09/07/2005 11:00PM

Pace will make race in Hadry

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Two horses who prefer to be close to the early pace and three others who do their best running coming from far back provide an intriguing puzzle for handicappers attempting to decipher Saturday's $100,000 Charles Hadry Stakes at Laurel Park.

Cherokee's Boy, already a three-time stakes winner this year, and Unforgettable Max, who has faced graded stakes horses in 4 of his last 5 races, figure to be prominent early in the one-mile Hadry.

Horse for the course Your Bluffing and Honorable Man - both coming off long layoffs - and old-timer Peeping Tom all will be hoping for a hot early pace to set up their closing kicks.

Cherokee's Boy won the Grade 3 Salvator Mile at Monmouth Park this summer. He comes back two weeks after fading badly in the Grade 3 Iselin Handicap.

"The mile and an eighth was a little too far for him after chasing such a fast early pace," said trainer Gary Capuano, adding he intends to point Cherokee's Boy to Maryland Million Day on Oct. 8. "What race we choose depends on his performance on Saturday. The Classic may be a bit too far, so we're also considering the Sprint."

Unforgettable Max was chasing such horses as Forest Danger and Gygistar earlier in the season before getting a confidence boost by defeating optional claimers in June. Freshened by trainer Ben Perkins Jr. since then, Unforgettable Max appears sharp for his return, based on a best-of-15 five-furlong work from the gate on Aug. 28.

Your Bluffing, 9 for 13 lifetime at Laurel, will be making his first start since April and shows a steady string of good works for his comeback.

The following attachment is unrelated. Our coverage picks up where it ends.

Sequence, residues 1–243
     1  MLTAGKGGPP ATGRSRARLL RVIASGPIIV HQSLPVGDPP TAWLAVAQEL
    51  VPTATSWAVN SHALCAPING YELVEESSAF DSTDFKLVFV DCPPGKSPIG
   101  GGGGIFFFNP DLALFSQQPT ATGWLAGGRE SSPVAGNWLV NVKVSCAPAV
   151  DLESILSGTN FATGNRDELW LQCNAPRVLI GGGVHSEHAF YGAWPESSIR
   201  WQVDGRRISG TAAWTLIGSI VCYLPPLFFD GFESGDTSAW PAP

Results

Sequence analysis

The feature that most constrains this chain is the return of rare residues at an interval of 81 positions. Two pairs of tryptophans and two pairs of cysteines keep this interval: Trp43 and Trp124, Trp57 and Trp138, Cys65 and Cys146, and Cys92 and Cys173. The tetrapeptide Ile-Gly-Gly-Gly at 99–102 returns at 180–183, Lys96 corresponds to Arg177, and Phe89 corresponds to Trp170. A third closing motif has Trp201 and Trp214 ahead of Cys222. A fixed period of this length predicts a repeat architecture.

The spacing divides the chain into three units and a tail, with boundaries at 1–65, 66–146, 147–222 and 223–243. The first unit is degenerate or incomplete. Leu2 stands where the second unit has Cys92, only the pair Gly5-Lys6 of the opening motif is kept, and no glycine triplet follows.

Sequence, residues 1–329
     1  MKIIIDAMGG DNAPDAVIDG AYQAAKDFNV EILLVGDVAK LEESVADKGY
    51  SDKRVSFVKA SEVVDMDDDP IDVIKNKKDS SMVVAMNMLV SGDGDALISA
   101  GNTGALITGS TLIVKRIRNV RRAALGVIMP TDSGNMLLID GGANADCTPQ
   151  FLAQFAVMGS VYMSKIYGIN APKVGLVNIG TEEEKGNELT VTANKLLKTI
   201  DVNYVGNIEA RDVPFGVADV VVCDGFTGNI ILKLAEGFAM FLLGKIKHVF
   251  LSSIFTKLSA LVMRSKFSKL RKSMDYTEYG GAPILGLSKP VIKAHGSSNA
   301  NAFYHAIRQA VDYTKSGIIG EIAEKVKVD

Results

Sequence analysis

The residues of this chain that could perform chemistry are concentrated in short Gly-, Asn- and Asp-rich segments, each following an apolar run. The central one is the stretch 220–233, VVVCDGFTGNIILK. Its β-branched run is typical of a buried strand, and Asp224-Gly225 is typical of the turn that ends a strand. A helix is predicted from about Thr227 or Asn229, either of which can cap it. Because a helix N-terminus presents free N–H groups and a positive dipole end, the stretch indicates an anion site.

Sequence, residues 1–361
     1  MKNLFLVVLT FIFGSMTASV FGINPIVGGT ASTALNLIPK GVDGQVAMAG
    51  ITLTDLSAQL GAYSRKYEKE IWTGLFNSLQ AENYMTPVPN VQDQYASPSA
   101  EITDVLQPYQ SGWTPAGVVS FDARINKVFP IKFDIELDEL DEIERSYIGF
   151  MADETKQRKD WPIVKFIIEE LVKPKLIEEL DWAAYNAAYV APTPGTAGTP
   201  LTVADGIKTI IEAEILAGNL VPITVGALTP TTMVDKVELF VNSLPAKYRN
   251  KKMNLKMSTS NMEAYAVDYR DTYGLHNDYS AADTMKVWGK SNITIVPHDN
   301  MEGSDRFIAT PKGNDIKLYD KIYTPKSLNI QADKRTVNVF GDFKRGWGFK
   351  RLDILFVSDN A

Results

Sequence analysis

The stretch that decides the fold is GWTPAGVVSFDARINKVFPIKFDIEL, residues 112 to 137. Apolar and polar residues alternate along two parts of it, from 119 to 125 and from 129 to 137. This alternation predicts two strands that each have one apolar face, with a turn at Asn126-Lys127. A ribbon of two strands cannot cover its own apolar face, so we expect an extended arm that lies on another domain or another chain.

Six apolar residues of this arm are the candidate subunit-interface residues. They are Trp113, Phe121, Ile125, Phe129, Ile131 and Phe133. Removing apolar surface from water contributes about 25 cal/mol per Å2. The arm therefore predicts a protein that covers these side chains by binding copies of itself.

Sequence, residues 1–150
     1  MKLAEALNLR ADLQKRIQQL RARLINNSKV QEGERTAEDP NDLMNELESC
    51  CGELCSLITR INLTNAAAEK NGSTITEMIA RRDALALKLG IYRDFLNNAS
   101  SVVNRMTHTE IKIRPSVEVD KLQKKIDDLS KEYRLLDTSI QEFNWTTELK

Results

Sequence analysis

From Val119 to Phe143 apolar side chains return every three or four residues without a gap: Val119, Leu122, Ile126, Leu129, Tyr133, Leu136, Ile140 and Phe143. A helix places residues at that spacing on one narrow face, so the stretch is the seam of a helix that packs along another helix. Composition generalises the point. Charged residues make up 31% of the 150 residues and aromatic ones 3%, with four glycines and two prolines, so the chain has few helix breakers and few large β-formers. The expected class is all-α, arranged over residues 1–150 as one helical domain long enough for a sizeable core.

Honorable Man had won 5 of 6 starts from August 2004 to last April on the main track before getting a two-month vacation following a fourth-place finish on turf at Colonial Downs.

Peeping Tom, a graded stakes winner during his prime, makes his third start since coming to Michael Dickinson's barn and should like a mile much better than the six furlongs of his last start, the Grade 2 Alfred Vanderbilt at Saratoga.

Finger Lakes

Top Shoter, unbeaten in seven starts at Finger Lakes during a career that began in 2002, has two major obstacles to overcome in the $50,000 Genessee Valley Breeders' Handicap at Finger Lakes.

For the first time in his career, the 6-year-old Top Shoter will be asked to race beyond seven furlongs, and he will come back on short rest in the 1 1/16-mile Genessee Valley.

Top Shoter, who has won carrying as much as 130 pounds this season, flashed speed and tired in his first try on turf last Sunday at Saratoga. His shortest previous turnaround was 11 days between back-to-back easy wins this spring at Finger Lakes.

Noble Adversary and S. Cherry Legacy are both proven performers in routes over the course.

The 7-year-old Noble Adversary, a 10-time winner at Finger Lakes, was a solid second in the 1 1/8-mile Wadsworth Handicap in June.

S. Cherry Legacy, a 4-year-old gelding, is a deep closer who needs a fast, contested pace to have any chance. He has been no worse than third in his last nine races on dirt.

* In the co-featured $50,000 Jack Betta Be Rite Handicap, at 1 1/16 miles for statebred fillies and mares, So Sweet a Cat looks like a solid favorite.

A romping winner in a $250,000 statebred stakes at Saratoga and the New York Oaks last year at 3, So Sweet a Cat will be coming back just nine days after finishing second in the 1 1/8-mile Saratoga Dew.

Others with a shot include Ruby's Rocket, second behind So Sweet a Cat twice this year, and Buck Mountain, whose best race came on a sloppy track against open company at Aqueduct last April.